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First Play: Art Bergmann, Remember Her Name

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Andrea Warner

In 1991, Art Bergmann released his third solo record, a self-titled collection of songs that snarled and soothed, and marked a personal turning point in the singer-songwriter’s life. Now, 26 years later, Bergmann revisits this personal landmark of an album, remastered and re-titled as Remember Her Name. You can listen to the record one week before its May 12 release via the CBC Music player. You can pre-order Remember Her Name here.

The title is borrowed from the first track on the album, itself originally a compromise because the “her” the song references repeatedly is Marianne Faithfull, musician, style icon and one-time muse of Mick Jagger. But there’s another “her” Bergmann wants to publicly acknowledge and whose name he wants known: his longtime partner, Sherri Decembrini.

“This re-release holds a great depth of meaning for me as it comes 25 years after I met and married Sherri at the same time as writing and recording the thing,” Bergmann wrote in a statement about the remastered and re-titled reissue. “She is definitely a muse to some of these tracks, 'Ruin My Life,' 'Faithlessly Yours' and to the whole endeavour, really. She is my conscience to this day."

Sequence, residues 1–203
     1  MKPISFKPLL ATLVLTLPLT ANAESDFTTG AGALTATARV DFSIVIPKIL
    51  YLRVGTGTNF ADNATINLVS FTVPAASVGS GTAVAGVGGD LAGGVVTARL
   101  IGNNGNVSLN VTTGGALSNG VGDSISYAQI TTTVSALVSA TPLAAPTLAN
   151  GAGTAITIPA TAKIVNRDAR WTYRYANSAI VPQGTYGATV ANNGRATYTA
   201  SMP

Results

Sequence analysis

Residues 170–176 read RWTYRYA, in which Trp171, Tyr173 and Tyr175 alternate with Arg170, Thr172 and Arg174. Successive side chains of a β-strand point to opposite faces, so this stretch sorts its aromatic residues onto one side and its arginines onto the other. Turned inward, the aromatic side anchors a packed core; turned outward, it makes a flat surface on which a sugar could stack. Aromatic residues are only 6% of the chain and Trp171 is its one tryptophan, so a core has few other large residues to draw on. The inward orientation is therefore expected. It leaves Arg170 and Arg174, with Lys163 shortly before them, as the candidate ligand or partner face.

The reissue also recontextualizes Bergmann’s earlier work in contrast to his 2016 comeback, The Apostate. The album, which was longlisted for the Polaris Music Prize, was Bergmann’s first new release in 18 years, following a self-imposed exile from public life. In part, the semi-retirement was a necessary effect of his debilitating osteoarthritis. But he was also frustrated with the music industry, even in the mid-'90s.

“It just seemed like too many walls to smash through to get people to listen to my music,” he told CBC Music last year. “I mean, the kicker was winning the Juno [in 1996] and then getting dumped off a label. That was enlightening.”

Remember Her Name captures a Bergmann who was, perhaps, at his most optimistic. He’d just signed with a new label, had a Juno Award nomination in his pocket, and was profoundly in love. Sonically, it’s Bergmann at his most faithfully devoted to external influences: you’ll hear echoes of the aforementioned Rollings Stones, the Stooges, Elvis Costello. And yet those influences are still so pervasive that it’s easy to imagine Remember Her Name is new material for 2017, not a record that’s been largely lost to time for the past two decades. The album’s best track, the one that still carries the most momentum and vitality 26 years later, is “If She Could Sing,” a song that almost bounces off the piano keys. It’s rollicking and buoyant, and the backing chorus builds to this happily unhinged crescendo that is pure joy.

Remember Her Name will be re-released on May 12. Pre-order it here.

Art Bergmann tour dates:

May 12: the Ironwood, Calgary
May 19: the Rickshaw, Vancouver